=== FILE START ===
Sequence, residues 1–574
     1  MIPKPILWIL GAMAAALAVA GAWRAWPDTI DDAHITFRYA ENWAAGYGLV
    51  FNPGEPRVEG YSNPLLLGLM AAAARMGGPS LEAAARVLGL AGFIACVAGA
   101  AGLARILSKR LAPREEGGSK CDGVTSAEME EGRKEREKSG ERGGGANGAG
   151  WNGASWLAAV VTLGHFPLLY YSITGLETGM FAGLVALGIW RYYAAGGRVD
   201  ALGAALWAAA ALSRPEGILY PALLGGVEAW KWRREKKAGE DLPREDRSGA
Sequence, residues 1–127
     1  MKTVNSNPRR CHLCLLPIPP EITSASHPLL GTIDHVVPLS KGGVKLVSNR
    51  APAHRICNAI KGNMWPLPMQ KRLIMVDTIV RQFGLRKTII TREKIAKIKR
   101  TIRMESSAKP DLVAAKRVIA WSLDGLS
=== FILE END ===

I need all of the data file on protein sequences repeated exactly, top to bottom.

Sequence, residues 1–574
     1  MIPKPILWIL GAMAAALAVA GAWRAWPDTI DDAHITFRYA ENWAAGYGLV
    51  FNPGEPRVEG YSNPLLLGLM AAAARMGGPS LEAAARVLGL AGFIACVAGA
   101  AGLARILSKR LAPREEGGSK CDGVTSAEME EGRKEREKSG ERGGGANGAG
   151  WNGASWLAAV VTLGHFPLLY YSITGLETGM FAGLVALGIW RYYAAGGRVD
   201  ALGAALWAAA ALSRPEGILY PALLGGVEAW KWRREKKAGE DLPREDRSGA
Sequence, residues 1–127
     1  MKTVNSNPRR CHLCLLPIPP EITSASHPLL GTIDHVVPLS KGGVKLVSNR
    51  APAHRICNAI KGNMWPLPMQ KRLIMVDTIV RQFGLRKTII TREKIAKIKR
   101  TIRMESSAKP DLVAAKRVIA WSLDGLS